A Foy Bag is a little paper envelope that does or once did contain a 1934-5 Melbourne Centenary Florin. The commemorative florin was given as change in the special paper pouch to those who shopped at Victoria’s first department store Foy and Gibson during the Melbourne Centenary celebrations. The Great Depression put great strain on living expenses and the authorities had trouble selling the commemorative florins (for 3 shillings each – 150% of face value) which had been minted for the centennial celebrations of the founding of Victoria (1834) and the establishment of Melbourne (1835). Department store Foy and Gibson Pty Ltd purchased 30,000 of the coins (which would otherwise have been melted down) to give to their customers in the special envelope so they could have an “unusual” coin in their change. The coins cost Foy and Gibson 3/- (3 shillings) each, and were distributed at face value, costing them 1/- per coin.
There are two type of Foy Bags, a Melbourne Foy Bag (*Type 1) and Perth Foy Bag (*Type 2) which represented the Perth branch of the retail giant. The Melbourne Foy Bag was issued at all their Victorian stores, Melbourne, Collingwood, Prahran and their store in Adelaide. The Perth Foy Bag is much rarer than the Melbourne Foy Bag and their value proportionally higher.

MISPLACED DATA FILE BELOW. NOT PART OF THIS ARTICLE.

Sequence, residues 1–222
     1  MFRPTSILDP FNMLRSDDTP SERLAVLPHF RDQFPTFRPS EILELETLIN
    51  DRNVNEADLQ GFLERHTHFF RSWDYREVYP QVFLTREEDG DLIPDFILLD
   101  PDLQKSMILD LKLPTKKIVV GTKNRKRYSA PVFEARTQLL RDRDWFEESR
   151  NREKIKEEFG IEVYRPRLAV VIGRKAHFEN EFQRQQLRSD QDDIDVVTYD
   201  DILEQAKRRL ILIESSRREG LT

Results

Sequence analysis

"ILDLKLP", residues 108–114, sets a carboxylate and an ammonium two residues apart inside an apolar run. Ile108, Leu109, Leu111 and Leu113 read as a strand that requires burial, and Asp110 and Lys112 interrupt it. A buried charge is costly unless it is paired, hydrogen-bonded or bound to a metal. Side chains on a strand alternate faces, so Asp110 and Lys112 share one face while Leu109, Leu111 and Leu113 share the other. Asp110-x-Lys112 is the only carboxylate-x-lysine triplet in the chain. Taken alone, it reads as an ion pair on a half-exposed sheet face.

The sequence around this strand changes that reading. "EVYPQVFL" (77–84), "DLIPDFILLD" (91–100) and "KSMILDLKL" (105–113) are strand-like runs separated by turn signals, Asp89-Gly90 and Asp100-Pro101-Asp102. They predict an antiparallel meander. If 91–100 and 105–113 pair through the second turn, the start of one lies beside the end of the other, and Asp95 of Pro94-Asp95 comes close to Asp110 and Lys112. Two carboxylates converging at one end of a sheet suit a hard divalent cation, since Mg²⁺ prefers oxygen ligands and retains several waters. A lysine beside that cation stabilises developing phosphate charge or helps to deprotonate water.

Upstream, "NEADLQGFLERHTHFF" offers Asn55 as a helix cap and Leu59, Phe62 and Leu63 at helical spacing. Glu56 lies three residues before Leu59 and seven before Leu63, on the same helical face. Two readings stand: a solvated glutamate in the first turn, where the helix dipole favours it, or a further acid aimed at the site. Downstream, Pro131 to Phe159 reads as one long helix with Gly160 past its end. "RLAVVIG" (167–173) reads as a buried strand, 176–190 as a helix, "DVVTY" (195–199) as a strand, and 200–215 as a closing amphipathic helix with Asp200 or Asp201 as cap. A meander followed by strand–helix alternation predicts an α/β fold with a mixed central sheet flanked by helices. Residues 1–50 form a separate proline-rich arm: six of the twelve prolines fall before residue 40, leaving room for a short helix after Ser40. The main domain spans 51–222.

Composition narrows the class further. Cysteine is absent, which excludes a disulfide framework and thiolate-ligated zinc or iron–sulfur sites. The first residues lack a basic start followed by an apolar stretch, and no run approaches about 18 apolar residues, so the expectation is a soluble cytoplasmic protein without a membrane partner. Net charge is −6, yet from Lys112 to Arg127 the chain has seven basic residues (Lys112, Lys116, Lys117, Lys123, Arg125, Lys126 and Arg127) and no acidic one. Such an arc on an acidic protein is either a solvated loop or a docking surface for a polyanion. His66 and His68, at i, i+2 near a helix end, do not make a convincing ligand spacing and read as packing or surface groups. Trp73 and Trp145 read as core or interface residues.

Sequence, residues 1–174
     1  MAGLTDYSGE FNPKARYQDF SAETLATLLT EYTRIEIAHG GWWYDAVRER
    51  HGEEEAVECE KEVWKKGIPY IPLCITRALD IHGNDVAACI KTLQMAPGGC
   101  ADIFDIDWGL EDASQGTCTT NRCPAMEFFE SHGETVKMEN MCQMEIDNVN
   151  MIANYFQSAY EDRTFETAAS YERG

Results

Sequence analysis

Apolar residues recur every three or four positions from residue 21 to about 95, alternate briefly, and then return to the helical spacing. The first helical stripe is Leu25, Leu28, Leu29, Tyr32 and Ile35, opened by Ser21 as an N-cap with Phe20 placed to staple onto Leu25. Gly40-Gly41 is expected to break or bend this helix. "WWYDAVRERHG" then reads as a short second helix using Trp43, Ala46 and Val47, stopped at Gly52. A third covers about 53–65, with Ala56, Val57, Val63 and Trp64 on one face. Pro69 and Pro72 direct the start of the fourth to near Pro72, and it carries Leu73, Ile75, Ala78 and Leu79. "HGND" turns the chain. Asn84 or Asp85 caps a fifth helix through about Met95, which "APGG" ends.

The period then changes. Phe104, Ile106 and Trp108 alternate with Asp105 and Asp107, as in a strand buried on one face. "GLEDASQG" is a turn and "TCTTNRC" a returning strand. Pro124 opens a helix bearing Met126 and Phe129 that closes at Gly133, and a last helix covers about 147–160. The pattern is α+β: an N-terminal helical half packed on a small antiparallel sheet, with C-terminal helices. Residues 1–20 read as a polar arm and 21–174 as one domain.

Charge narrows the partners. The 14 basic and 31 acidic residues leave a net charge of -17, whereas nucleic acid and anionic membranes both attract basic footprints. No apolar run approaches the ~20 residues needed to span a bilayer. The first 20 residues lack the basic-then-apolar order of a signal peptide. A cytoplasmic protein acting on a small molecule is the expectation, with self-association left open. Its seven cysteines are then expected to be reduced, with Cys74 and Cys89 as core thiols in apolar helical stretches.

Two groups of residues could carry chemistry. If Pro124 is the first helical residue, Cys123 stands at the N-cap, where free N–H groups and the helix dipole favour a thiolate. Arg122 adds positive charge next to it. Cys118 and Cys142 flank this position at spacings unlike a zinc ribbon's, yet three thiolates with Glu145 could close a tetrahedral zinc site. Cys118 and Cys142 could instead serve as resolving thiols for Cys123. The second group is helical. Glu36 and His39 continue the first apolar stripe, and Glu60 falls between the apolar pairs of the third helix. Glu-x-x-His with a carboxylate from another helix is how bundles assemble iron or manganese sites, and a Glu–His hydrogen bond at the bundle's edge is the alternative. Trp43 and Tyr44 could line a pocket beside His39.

Because of their age and their fragility not many have survived the years without damage, it’s not often that you see quality examples with the envelope flap intact and we have never seen one without a centre fold. Given that Foy and Gibson bought 30,000 Centenary florins and distributed them as change to their customers along with one of these highly collectable bags this puts the maximum number issued (of the Melbourne and Perth types) at 30,000 bags. Surely only a small percentage of those bags have survived until today. This puts the value for the bag alone at eye opening levels. It’s not unusual to see a Melbourne Foy Bag realise a few hundred dollars while a Perth bag can be worth $1,000 or more. More, in fact, than the Centenary Florin often sells for. When a bag is sold with a matching Centenary florin it wouldn’t be unusual to have to pay $1,500+ to acquire the pair.
*Type I and II as described in The pocket guide to Australian Coins and Banknotes 18th edition by Greg McDonald
Collis, Alan H. 1971, ‘Collector or Numismatics’, Australian Coin Review, August Vol 8 No. 2, pp4-8
Collis, Alan H. 1971, ‘Collector or Numismatics’, Australian Coin Review, August Vol 8 No. 1, pp3-7